SunTrust "Banks" on Crystal Ball for assessing the risk of commercial loans

prepared by Decisioneering Staff
(November 1998)

SunTrust Banks, Inc., is a premier financial services company based in the Southeastern United States. SunTrust provides a wide range of services to meet the financial needs of its growing customer base through approximately 700 full-service banking offices in Florida, Georgia, Tennessee and Alabama. SunTrust's primary businesses include traditional deposit and credit services as well as trust and investment services. Through various subsidiaries the Company provides credit cards, mortgage banking, credit-related insurance, data processing and information services, discount brokerage and investment banking services.

A small segment of SunTrust's commercial loan department focuses on lending to the construction industry. SunTrust has recently used Crystal Ball to perform Monte Carlo Simulations on hotel construction loans. This helps quantify the risks involved in evaluating these types of loans. Formerly, bankers would do worst case and best case analysis on construction loans when deciding on providing financing or not. Using Crystal Ball, a method has been developed to obtain a risk-adjusted return on investment. Using this finding and comparing it to the bank's cost of funds helps decision-makers determine if the profitability is worth accepting the risk of approving the loan.

There are five steps to analyzing hotel construction loans using Crystal Ball. For this method, there is assumed to be a take-out lender that will refinance the hotel construction loan provided that a required debt service coverage, DSC, is achieved. These steps involve:

  1. Generating a pro-forma income statement on a spreadsheet including calculations for debt service coverage,
  2. Assign probability distribution functions to the average daily rate obtainable by the hotel, average occupancy rate of the hotel and the projected floating interest rate on the loan,
  3. Run the simulation to determine the probability that the DSC will fall within the level required by the take-out lender,
  4. Calculate the expected return on investment, and
  5. Compare the calculated ROI with the cost of funds to determine if the spread is large enough to warrant accepting the loan.

Of the above steps, step 4 requires further explanation.

In calculating the expected return on investment the spreadsheet "IF" function was utilized. For the cell calculating the expected return, the following equation was used: E{R} = (Loan Amount) x Interest Rate if the DSC was greater than that required by the take-out lender, and E{R} = Liquidation Value - Loan Amount if the DSC failed to meet requirements. The first equation is the expected profit and the second is the expected loss. This of course makes the assumption that there would be a liquidation if the DSC was inadequate, which is not necessarily the case. However, this is the most conservative approach. The "IF" function combines the two formulas above depending on the level required by the debt service coverage upon each iteration of the simulation. This gives the analysis the advantage that when the simulation is complete, one single number for the expected ROI "pops out". This makes it easy for the decision-makers to make a determination by only focusing on one number.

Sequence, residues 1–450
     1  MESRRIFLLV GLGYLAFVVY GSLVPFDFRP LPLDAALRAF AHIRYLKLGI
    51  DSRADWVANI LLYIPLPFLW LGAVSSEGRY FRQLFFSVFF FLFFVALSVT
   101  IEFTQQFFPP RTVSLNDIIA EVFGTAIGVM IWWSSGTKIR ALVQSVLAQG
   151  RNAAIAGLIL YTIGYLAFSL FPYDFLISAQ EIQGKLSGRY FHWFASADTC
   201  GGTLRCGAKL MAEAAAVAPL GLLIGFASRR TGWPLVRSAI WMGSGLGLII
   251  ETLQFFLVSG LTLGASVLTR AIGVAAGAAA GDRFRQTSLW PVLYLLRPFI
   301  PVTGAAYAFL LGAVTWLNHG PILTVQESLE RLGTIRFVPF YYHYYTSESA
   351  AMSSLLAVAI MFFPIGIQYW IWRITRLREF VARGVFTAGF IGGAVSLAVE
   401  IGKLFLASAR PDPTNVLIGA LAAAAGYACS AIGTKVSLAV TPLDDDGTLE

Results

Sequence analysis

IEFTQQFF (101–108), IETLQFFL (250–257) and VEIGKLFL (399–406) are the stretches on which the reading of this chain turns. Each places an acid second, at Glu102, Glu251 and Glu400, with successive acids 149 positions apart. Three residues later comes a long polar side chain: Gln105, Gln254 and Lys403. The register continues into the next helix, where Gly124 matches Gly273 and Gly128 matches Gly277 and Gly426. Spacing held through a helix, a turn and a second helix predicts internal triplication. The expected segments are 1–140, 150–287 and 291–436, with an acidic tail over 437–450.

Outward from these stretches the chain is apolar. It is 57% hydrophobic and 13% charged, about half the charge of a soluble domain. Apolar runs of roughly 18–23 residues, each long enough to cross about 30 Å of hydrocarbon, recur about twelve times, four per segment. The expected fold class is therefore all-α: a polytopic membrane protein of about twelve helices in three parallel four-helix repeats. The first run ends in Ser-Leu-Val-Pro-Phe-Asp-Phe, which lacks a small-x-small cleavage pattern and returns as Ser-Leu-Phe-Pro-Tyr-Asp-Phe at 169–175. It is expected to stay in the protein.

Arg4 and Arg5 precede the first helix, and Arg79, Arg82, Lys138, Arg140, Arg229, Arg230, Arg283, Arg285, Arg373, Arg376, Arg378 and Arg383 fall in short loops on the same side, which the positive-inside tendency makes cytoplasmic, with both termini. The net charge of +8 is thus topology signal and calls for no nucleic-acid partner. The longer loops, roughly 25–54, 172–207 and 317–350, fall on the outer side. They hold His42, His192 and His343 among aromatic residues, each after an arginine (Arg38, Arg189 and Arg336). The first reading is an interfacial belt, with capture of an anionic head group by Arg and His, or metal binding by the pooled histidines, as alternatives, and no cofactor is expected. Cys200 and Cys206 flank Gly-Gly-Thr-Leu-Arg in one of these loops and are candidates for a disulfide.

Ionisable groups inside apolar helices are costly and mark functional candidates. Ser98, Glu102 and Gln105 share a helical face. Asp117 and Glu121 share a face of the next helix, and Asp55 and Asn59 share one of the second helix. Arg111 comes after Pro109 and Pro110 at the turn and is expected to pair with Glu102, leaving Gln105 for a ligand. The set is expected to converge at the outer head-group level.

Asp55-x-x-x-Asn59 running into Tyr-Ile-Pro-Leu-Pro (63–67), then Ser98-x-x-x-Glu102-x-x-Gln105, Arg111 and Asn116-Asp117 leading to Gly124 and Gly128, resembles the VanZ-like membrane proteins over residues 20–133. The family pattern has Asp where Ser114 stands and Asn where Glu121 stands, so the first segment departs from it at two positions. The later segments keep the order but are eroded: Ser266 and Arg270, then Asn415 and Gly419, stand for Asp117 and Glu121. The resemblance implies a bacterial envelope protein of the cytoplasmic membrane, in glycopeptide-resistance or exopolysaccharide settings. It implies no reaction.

Crystal Ball 2000 is an easy-to-use simulation program that helps users analyze the risks and uncertainties associated with specific Microsoft Excel spreadsheet models. Excel models are deterministic, which means that the inputs are fixed (one value to one cell). You can only see one solution at a time. If you want to view alternative results, you need to manually change the inputs in the model. Simulation is a way to quickly generate and analyze many possible results. To run a simulation within Excel, you need an add-in program like Crystal Ball.

About Decisioneering

Since 1986, Decisioneering, Inc. has been providing decision analysis software and solutions that empower individuals and organizations to make better decisions. Decisioneering's founders recognized that the newly available PC spreadsheet programs, while popular and useful, were poor tools for addressing risk and probability. To address the need for a sophisticated but easy-to-use simulation program, the company designed and marketed its first software product, Crystal Ball. At the time, when Monte Carlo techniques were less well known to the general public, Crystal Ball represented an important advance in the way spreadsheets and PCS could be used to forecast risk. For more information about the company, call 800-289-2550 or visit Decisioneering's web site,

About SunTrust

SunTrust Banks, Inc., headquartered in Atlanta, Georgia, is one of the nation's largest commercial banking organizations. As of December 31, 2002, SunTrust had total assets of $117.3 billion and total deposits of $79.7 billion.

Questions for Analysis and Discussion

  1. What DSS technologies are used?
  2. What is Monte Carlo simulation?
  3. What type of DSS was implemented?
  4. Who is the target user for the DSS?
  5. Why was an Excel add-in needed?
  6. What are the claimed benefits of the system?
  7. Do you anticipate any problems with the system? If so, explain them.

Lawrence Goldman, Web Producer, Decisioneering, Inc., gave permission to use this case study at DSSResources.COM on Wednesday, February 28, 2001. For more information check Posted March 16, 2001. Updated April 6, 2003.

Please cite as:

Decisioneering Staff, "SunTrust "Banks" on Crystal Ball for assessing the risk of commercial loans", Decisioneering, November 1998, at URL DSSResources.COM.

This case study is for informational purposes only. DSSResources.COM makes no warranties, express or implied, in this summary.